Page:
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Energy sources can easily be divided into teams. You have your up-and-coming alternative sources: Wind, solar, etc. You also have your old and dirty veterans: Oil and gas. Then there is natural gas. People have a hard time determining which team natural gas is on.
When asked in a straightforward manner, people support the increased development of natural gas resources. Gallup asked whether more emphasis, about the same emphasis, or less emphasis should be placed on producing natural gas domestically. Sixty-five percent said more emphasis should be given. Ten percent said less emphasis and 24% said the same amount.
When natural gas sits on team fossil fuels, it doesn’t receive as much praise. In February, Pew asked whether the more important priority was developing alternative energy sources, such as wind, solar, and hydrogen technology, or expanding exploration and production of oil, coal, and natural gas. Fifty-four percent preferred the new players, while 34% wanted to stick with the old fossils.
But things look a little rosier for natural gas when grouped with other “low carbon” sources. Duke University asked whether electric utilities should produce a large amount of energy from low carbon sources such as wind, solar, natural gas, and nuclear power. A majority of 63% supported that kind of policy. Fourteen percent opposed and 23% did not have an opinion.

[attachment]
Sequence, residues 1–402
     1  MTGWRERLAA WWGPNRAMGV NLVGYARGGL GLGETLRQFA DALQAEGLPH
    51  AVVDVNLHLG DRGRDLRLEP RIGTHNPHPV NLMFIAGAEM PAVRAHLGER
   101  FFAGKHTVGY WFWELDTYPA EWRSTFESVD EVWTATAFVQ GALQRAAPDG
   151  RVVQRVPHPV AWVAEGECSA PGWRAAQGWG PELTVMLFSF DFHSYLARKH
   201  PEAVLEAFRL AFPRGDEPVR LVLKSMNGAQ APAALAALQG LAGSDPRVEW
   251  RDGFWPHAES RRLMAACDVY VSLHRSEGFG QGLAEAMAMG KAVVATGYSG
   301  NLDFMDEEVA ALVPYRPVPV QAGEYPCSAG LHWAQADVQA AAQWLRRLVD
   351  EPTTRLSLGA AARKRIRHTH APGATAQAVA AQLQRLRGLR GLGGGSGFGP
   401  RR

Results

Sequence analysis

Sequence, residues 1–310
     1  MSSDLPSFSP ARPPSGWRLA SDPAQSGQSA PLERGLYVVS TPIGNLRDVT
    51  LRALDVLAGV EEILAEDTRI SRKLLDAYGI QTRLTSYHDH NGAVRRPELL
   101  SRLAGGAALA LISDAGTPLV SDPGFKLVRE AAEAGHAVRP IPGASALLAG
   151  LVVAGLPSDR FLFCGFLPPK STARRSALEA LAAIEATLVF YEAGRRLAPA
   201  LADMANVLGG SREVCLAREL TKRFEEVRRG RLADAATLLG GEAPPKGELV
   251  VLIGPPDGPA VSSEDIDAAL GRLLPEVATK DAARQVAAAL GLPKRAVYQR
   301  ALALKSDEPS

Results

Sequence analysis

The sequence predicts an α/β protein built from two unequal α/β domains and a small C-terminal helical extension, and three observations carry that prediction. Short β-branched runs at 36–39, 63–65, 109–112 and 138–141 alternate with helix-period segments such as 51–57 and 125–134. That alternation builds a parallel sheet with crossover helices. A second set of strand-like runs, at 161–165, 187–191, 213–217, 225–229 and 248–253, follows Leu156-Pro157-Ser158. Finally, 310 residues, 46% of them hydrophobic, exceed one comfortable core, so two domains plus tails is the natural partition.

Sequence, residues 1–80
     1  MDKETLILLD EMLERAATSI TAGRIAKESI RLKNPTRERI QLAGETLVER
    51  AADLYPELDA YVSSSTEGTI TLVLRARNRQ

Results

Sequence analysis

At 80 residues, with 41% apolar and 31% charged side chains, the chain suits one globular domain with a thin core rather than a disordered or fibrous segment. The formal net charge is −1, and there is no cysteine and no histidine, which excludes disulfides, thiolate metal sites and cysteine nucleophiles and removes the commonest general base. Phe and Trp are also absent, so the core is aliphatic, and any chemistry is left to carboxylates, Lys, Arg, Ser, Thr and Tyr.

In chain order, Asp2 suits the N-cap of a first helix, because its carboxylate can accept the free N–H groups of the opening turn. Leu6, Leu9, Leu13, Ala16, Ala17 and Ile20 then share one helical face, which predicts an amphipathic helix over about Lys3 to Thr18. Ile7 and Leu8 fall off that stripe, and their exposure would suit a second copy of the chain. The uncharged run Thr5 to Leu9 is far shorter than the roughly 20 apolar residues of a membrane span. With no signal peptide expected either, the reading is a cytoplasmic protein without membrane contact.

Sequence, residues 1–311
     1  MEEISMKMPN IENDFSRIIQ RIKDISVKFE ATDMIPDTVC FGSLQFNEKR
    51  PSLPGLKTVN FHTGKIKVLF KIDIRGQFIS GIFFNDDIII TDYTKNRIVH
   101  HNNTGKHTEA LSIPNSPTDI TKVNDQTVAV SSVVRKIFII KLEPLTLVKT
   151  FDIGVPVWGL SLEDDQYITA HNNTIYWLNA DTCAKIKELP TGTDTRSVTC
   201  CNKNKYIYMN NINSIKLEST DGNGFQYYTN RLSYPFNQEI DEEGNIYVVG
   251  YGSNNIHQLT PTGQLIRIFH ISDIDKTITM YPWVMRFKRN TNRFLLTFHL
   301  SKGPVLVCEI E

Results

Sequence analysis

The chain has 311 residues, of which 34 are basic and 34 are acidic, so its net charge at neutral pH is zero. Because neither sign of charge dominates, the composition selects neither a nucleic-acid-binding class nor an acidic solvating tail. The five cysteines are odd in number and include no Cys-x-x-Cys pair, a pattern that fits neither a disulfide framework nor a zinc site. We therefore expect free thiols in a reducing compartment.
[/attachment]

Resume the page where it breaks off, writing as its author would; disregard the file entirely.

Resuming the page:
More natural gas fields are being opened up due to hydraulic fracturing technology, which receives a mixed response from the public. A plurality of 48% favors the increased use of fracking according to a March 2013 Pew poll. Thirty-eight percent are opposed. Most questions on fracking show a high percentage who are uncertain about it. But on the whole, most are somewhat supportive of the drilling method.
Natural gas should have an easier time marketing itself. It has “natural” right in its name, after all. But pollsters hold a sizable influence on public perceptions when they decide how natural gas is presented – by itself, as something cleaner, as something old, as something drilled from a controversial technology. At one level, Gallup’s question, where opinions on natural gas are solicited independent of any other energy source or extraction method, is itself revealing. On the other hand, discussions of energy policy rarely take place in a vacuum. Advocates or detractors of natural gas shouldn’t dismiss how different descriptions and associations determine opinions. But if natural gas can overcome its association with fossil fuels, Americans seem ready to embrace natural gas an energy source for the future.
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